Does it really matter what started the shooting at the border between Israel and Hamas-run Gaza? To outward appearances, it looks like it was something of an accident when a routine security operation inside Gaza went awry and Israeli troops were fired upon, leading to bomb strikes to extricate them. That was followed by the largest barrage of rockets fired at Israel since the war that took place in the summer of 2014.

Iron Dome missiles intercept rockets from Gaza, seen in the sky in southern Israel, on Nov. 12, 2018. Credit: Hadas Parush/Flash90.

Hamas’s decision to launch hundreds of rockets, which has resulted in the death of one man (a Palestinian working inside Israel) and the wounding of more than two dozen Israelis so far, is being discussed in the international media as just one more episode in an endless “cycle of violence,” in which the Jewish state is as guilty as the Islamist terror groups that rule Gaza.

But whether this episode leads to a further escalation of fighting or a return to relative quiet—as the government led by Israeli Prime Minister Benjamin Netanyahu clearly hopes by agreeing to a cease-fire on Tuesday—the ongoing violence demonstrates that it would be utter folly for the Trump administration to push for a new round of peace negotiations with the Palestinians anytime soon.

The problem isn’t a lack of negotiations, it’s the lack of conditions that could possibly lead to a comprehensive peace that dictates that Trump’s foreign-policy team will be wasting its time—and perhaps raise expectations in a way that could lead to more bloodshed—if it pushes ahead with plans to foster what U.S. President Donald Trump has called the “deal of the century.”

It must be understood that far from seeking to provoke or attack Hamas, the Israeli government has been doing its best to keep a lid on the situation. In the days before the flare-up, Netanyahu went so far as to allow $15 million in cash donated by Qatar to be driven into Gaza to pay the salaries of Hamas government officials. That was part of an effort to negotiate a lessening of the tensions that have risen this year due to the Palestinian Authority’s decision to pressure Hamas by cutting off its financial support of Gaza.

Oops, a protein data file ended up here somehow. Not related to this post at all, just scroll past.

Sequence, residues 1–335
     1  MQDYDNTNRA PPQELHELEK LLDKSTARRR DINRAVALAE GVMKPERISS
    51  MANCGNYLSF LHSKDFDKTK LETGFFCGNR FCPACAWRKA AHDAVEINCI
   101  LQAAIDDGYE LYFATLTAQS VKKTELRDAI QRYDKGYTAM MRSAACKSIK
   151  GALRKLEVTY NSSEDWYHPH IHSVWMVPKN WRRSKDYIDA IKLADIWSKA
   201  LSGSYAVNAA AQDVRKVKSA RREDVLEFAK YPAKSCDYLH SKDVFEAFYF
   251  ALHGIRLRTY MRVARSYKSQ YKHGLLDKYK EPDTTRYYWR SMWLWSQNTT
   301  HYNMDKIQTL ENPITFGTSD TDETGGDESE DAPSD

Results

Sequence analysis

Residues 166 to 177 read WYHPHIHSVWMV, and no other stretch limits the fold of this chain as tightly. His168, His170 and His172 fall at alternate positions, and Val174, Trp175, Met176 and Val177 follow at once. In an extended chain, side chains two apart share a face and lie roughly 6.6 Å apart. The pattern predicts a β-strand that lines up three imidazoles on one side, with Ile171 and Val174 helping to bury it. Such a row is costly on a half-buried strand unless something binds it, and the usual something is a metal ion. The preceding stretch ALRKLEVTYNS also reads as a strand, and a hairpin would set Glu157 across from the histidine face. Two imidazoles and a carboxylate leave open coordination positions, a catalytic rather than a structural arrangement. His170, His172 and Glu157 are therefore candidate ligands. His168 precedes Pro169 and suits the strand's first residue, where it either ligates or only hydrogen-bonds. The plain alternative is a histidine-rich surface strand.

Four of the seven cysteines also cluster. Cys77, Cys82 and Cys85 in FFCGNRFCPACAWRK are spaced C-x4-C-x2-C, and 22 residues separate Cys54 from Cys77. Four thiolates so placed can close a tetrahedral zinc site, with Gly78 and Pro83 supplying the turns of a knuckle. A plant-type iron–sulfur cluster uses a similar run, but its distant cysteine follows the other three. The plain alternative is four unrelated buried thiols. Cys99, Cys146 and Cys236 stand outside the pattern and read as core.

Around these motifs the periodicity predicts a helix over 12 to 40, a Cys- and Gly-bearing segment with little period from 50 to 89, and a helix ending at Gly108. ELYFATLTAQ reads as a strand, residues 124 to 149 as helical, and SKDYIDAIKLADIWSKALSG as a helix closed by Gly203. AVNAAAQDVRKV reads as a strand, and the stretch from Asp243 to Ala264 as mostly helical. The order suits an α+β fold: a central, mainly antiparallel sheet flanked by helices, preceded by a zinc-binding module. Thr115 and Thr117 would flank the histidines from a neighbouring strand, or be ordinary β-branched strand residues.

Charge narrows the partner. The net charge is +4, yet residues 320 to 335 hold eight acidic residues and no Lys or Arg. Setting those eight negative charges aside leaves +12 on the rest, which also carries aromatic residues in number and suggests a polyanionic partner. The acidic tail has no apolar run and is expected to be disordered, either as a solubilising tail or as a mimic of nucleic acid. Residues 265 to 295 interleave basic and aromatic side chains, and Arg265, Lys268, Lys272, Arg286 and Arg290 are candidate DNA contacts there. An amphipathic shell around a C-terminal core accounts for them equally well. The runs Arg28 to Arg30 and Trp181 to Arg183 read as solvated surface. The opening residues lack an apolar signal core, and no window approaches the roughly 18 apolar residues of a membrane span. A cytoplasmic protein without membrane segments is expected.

What those who talk about the cycle of violence miss about what has been happening is that although the Palestinian factions speak as if their sole focus was their century-long war on Israel and Zionism, their true enemies are each other. The goal of Palestinian Authority leader Mahmoud Abbas’s Fatah Party is to wrest control of Gaza from Hamas, and it is willing to increase the misery of its poverty-stricken inhabitants in order to get closer to achieving that objective.

Since March 30, Hamas has orchestrated weekly demonstrations and attacks on the security fence alongside Gaza committed in the name of the “right of return”—namely, the Palestinian hope of eradicating the Jewish state by advocating for some 5 million descendants of the 1948 Palestinian “refugees” to live in Israel. But what Hamas wants now is to force Israel and Egypt to end the blockade that seeks to isolate a terrorist state that poses a threat to both nations.

Israel cannot allow an open border for Hamas since that would mean an influx of Iranian weapons and material that would strengthen the terrorists’ hold on Gaza and their ability to wage war on Israel. But it also wants a return to the quiet that reigned before Hamas’s and Fatah’s maneuvers led to violence without having to launch an invasion of the strip that will lead to the loss of even more life—and more rockets and missiles aimed at Israeli population centers.

However this ends, what Americans who care about Israel need to know is that peace with the Palestinians requires more than just good will and has little to do with Netanyahu’s positions on West Bank settlements.

Abbas and Fatah seek to regain the control of Gaza, which they lost to Hamas in the wake of Israel’s withdrawal of every soldier, settler and settlement in 2005. But the reason why Abbas is serving in what is now the 14th year of the four-year presidential term to which he was elected after the death of Yasser Arafat is because he fears that another election will empower his Hamas rivals.

Abbas is too frightened of Hamas to sign even the most favorable peace deal with Israel—assuming, that is, that he actually wants peace. But if Trump’s attempt to create a two-state solution on the West Bank did succeed, it’s just as likely that it would lead to Hamas operating on the West Bank or even running it.

If Netanyahu’s approach to the peace process is generally supported by a majority of Israelis—and his principle foes are heading towards the next elections pledged to carry out similar policies—it is because most Israelis understand that if their country withdraws from the West Bank, the situation they face with Gaza will be replicated in the far larger and more strategic territory.

Imagine a West Bank as armed and as dangerous as Gaza is now, and you are seeing what most Israelis think would be the only logical outcome of a two-state solution under the current circumstances. Until the Palestinians resolve the conflict with Hamas—and until either faction demonstrates a willingness to end their long war by recognizing the legitimacy of a Jewish state, no matter where its borders are drawn—two states is a recipe for more bloodshed, not peace.

Americans who purport to care about Israel should focus on that reality as the current conflict heats up, and realize that any effort to push Israel to give up more territory in the absence of those Palestinian conditions being realized isn’t merely unfair, it’s a greater obstacle to real peace than any settlement.

Jonathan S. Tobin is editor in chief of JNS — Jewish News Syndicate. Follow him on Twitter at: @jonathans_tobin.